Another use case is the analysis of dynamic properties over time. Working with the data's streaming-nature is important in situations where dynamic properties' behavior is essential for further analysis (e.g. traffic prediction). Expressing the meaning of data streams requires concepts in the model that refers to sequences and not only isolated observations. It is not realized with the core of the ontology, but instead, it should contribute the domain knowledge to other ontologies (e.g. SOSA, IoTStream). Aggregating dynamic data with high-level concepts help to perform data integration at the edge and facilitates cross-applications interactions.

Interaction with Vehicle Data

The Web of Things Working Group in the W3C develops various protocol and security schemes to describe a device's accessible capabilities and data access. In this sense a vehicle can be seen as a semantic web thing. In this case, the proposed ontology would add the domain knowledge to a well-defined standard.


The structure of the ontology reflects the rules and standard catalogue used and defined in VSS. The rules define the supported kind of nodes (e.g. attributes, signals) and the format of their metadata (e.g. units, datatypes). The standard catalogue uses those rules to define the semantics of the vehicle signals and attributes. A set of tools is then used to serialize the standard catalogue into the desired format (e.g. json, csv, proto, etc.).

VSSo Structure
Structure and components of VSSo

As the nature of the rule set and overall component structure in terms of update frequency and reusability is quite different from the standard catalogue, the ontology is split into:

VSSo Core

The core ontology introduces concepts for the structural elements of VSS defined through the rule set in the specifications. Figure 1 gives an overview of those. The root node is the Vehicle itself. From there the structure is given through so-called Branches. They serve as sorting element for the leaf nodes and are not specified in the specification itself in greater details. The leaf nodes contain the semantic information of signals, which expext to describe and hold information, which changes in greater frequency and of attributes, which are more static. The core of the ontology defines this structure in an OWL ontology and serves as a basis for the defined signals of the standard catalogue and potential further development of the branches as more than structural information.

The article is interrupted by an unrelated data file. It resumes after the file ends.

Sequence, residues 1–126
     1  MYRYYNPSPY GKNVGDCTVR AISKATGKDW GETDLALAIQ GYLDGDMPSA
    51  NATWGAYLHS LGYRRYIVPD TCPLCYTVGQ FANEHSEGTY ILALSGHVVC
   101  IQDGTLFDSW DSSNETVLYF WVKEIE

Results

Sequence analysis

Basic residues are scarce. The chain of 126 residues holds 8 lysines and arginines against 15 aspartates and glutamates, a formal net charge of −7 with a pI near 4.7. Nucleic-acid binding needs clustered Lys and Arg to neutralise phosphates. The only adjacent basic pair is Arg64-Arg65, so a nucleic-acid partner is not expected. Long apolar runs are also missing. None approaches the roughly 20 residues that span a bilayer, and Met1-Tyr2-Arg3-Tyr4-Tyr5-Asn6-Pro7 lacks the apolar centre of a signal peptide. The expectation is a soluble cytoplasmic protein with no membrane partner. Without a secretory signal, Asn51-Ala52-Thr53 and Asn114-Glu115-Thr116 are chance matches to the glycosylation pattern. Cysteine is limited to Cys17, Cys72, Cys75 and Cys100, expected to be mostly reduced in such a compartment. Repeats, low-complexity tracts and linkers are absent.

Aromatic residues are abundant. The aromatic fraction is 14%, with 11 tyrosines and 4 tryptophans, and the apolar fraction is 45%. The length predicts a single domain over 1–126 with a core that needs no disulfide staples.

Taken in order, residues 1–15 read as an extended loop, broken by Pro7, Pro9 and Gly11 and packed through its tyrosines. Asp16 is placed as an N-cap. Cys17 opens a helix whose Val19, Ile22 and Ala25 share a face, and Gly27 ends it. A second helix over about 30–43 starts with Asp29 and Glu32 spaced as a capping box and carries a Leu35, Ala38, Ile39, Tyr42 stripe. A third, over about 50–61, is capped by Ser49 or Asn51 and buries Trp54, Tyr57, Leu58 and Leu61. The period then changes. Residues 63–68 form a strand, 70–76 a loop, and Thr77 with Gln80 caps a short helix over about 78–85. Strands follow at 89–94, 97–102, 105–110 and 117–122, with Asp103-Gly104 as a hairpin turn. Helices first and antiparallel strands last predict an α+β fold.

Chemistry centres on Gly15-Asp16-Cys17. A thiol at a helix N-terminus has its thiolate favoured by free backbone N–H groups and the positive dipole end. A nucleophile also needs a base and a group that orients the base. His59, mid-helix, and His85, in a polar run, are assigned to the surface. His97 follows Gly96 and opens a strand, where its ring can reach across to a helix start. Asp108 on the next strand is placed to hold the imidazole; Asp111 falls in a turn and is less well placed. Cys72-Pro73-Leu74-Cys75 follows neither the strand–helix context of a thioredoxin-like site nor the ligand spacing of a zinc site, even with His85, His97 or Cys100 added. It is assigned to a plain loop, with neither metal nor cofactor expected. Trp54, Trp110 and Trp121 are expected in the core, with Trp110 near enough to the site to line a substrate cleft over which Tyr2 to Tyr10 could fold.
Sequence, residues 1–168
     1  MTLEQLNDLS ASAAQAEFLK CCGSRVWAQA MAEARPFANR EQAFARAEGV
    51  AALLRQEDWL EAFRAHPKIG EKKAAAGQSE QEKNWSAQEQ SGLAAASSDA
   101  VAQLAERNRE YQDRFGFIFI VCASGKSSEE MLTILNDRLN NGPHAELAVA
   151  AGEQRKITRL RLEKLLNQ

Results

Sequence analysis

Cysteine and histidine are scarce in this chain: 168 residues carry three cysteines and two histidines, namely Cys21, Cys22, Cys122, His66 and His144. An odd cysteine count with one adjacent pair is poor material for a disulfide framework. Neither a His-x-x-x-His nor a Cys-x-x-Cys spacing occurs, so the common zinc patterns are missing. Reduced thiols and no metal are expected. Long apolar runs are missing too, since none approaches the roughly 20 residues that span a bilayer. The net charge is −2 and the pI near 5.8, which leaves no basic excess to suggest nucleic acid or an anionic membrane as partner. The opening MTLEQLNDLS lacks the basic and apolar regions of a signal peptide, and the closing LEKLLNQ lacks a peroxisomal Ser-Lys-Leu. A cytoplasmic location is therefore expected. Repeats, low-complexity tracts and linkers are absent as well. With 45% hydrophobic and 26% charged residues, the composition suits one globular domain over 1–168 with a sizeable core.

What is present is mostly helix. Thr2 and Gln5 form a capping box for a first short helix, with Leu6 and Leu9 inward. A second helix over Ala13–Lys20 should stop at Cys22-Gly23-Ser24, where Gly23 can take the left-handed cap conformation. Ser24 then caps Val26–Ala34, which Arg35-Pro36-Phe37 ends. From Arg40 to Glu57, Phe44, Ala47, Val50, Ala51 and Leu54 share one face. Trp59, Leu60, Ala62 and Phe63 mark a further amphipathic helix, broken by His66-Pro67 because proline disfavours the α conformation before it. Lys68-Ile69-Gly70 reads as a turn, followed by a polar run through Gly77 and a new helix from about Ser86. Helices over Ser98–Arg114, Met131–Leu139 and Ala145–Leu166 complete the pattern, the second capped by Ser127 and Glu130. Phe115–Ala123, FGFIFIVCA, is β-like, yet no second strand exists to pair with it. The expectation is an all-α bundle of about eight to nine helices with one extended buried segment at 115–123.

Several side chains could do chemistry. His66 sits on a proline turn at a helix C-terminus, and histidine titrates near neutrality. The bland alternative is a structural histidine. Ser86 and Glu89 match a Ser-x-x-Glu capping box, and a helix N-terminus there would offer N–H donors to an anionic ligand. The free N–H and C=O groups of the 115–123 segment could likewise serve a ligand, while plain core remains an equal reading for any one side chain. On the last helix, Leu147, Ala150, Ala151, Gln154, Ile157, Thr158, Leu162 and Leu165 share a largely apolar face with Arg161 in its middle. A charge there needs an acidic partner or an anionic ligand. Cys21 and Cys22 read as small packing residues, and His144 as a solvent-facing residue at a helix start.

As the core ontology defined the structure, VSSo holds the vocabulary as defined by the standard catalogue. The main objective is, that VSSo doesn't diverege from the standard catalogue, so this is done automatically through tooling provided in the corresponding repository. The tooling takes the standard catalogue and maps it to concepts defined in the core ontology. The result is an OWL complient ontology, following the standard catalogue of VSS.


VSSo Core and VSSo shall serve mainly as domain ontologies for data exchange and analysis. During the development of the ontologies one objective was to stay conceptionally close to SSN/SOSA.